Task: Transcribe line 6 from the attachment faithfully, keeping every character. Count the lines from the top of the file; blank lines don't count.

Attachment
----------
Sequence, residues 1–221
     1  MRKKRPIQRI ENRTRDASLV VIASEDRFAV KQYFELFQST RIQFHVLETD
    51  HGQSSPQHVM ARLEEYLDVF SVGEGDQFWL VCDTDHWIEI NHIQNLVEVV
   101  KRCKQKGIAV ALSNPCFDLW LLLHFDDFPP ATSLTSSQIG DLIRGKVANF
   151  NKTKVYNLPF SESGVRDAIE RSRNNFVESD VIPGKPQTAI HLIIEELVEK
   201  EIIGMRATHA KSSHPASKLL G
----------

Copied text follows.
   201  EIIGMRATHA KSSHPASKLL G